Small Is Beautiful: Electric Cars for City Use

By · September 21, 2011

The electrification of the automobile is a fantastic opportunity to reinvent the car—not only its propulsion system, but the whole vehicle. When Nissan introduced the LEAF, it immediately earned praise for its smart electric powertrain, but many people were disappointed with its design: it just looked like any other car on the road. Long time EV-fans may remember the Corbin Sparrow. That one was really different. Here are three vehicles that have some of that same spirit. They don't come from unknown exotic manufacturers, but from large established companies: Audi, Opel and Volkswagen.

Audi urban concept

Audi urban concept

The first thing to say is that they are real cars. They all can drive at 75 mph, and they all meet all safety regulations applicable to other cars on the road. They are not neighborhood vehicles. The few people who think that driving a 3-ton pick-up truck is a God-given right may view them as toys, but they're not.

Opel RAK e

Opel RAK e

The Audi urban concept is ten and a half feet long. It has two seats with the passenger sitting slightly behind the driver. The whole vehicle weighs only 1,050 pounds. The battery stores 7.1 kWh of energy and the two small motors sends 15 kW to the rear wheels.

Then, there's the Opel RAK-e, which has four wheels, but the rear track is much narrower than the front one. A bit shorter and much narrower than the Audi, it accepts two people sitting in tandem, and it's incredibly low weight: only 838 pounds with a 5-kWh battery and a 10.5-kW motor.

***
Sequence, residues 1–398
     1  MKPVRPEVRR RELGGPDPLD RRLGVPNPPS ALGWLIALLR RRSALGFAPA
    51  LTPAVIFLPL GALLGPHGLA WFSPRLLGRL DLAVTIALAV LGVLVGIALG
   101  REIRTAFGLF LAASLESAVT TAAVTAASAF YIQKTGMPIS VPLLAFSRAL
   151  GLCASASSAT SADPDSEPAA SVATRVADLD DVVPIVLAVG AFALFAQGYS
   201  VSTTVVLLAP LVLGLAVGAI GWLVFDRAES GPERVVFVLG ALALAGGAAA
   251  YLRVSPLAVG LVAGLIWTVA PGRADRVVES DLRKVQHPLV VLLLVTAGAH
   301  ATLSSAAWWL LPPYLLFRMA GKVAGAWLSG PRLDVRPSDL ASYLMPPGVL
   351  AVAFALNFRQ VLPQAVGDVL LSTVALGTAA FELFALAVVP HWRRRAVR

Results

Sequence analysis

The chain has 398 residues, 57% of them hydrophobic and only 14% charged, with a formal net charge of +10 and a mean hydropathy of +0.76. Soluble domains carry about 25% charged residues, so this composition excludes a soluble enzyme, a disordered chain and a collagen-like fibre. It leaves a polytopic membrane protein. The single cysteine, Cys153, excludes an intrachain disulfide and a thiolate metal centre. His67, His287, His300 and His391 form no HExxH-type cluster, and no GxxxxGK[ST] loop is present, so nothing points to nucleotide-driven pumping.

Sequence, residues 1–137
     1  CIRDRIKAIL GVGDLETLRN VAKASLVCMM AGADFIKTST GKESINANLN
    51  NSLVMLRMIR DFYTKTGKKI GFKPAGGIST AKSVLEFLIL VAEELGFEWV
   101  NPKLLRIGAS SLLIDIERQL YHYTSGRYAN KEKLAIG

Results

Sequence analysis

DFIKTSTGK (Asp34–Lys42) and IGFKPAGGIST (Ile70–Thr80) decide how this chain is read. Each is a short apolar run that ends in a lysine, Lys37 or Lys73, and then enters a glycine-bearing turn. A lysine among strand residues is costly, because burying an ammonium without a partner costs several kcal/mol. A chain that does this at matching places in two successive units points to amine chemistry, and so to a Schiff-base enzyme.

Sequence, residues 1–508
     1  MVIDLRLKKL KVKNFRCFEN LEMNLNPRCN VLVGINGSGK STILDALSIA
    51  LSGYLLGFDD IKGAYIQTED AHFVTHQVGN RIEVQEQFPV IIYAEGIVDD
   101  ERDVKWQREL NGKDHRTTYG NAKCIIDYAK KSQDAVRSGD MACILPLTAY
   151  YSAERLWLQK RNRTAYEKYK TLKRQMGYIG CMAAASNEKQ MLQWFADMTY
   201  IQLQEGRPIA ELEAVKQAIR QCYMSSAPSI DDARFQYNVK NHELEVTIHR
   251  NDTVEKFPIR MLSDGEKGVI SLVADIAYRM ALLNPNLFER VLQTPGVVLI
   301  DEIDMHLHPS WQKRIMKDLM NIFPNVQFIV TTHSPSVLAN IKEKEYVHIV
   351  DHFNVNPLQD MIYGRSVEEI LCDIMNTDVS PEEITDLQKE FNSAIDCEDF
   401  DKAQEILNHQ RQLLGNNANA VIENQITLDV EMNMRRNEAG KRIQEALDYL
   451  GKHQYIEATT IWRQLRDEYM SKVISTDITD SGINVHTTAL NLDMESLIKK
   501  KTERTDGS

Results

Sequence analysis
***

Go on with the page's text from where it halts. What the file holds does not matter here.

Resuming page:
Volkswagen Nils

Volkswagen Nils

The best in my mind is the Volkswagen Nils, because it provides seating only for for one. We have personal computers and phones, then why not personal vehicles? Having only one seat is an asset. The Volkswagen Nils has a 25-kW motor and a 5.3-kWh battery, it weighs 1,014 pounds and is the smallest of the three cars. But it has some decent space behind the seat for groceries or small stuff, and its 40-mile range makes it more than adequate for city errands.

Nissan executive Carlos Tavares takes the Twizy tiny EV for a spin.

Yet, it's the Opel RAK e that has the most chance to enter production, but Opel has already hinted that it wouldn't move ahead without some kind of government support for small EVs. Only Renault so far, with its Twizy (see video) has green-lighted a small vehicle. It's the cheapest looking of the bunch—it came out first—but it's expected to launch this December in France, Germany and a couple other European countries. It makes sense to people who live in big cities, and rarely leave their urban environment.

The criticisms we often hear about electric cars don't apply here. These cars are not intended for cross-country driving, so its short range is irrelevant. Also, because of their low weight and relatively small battery packs, they don't take long to charge up. Nobody is thinking that this kind of EV should replace a standard sedan, but they could be a very nice complement to any family car. Can you see yourself behind the wheel of the Volkswagen Nils for your daily commute?

New to EVs? Start here

  1. Seven Things To Know About Buying a Plug-In Car
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  2. Incentives for Plug-in Hybrids and Electric Cars
    Take advantage of credits and rebates to reduce EV costs.
  3. Buying Your First Home EV Charger
    You'll want a home charger. Here's how to buy the right one.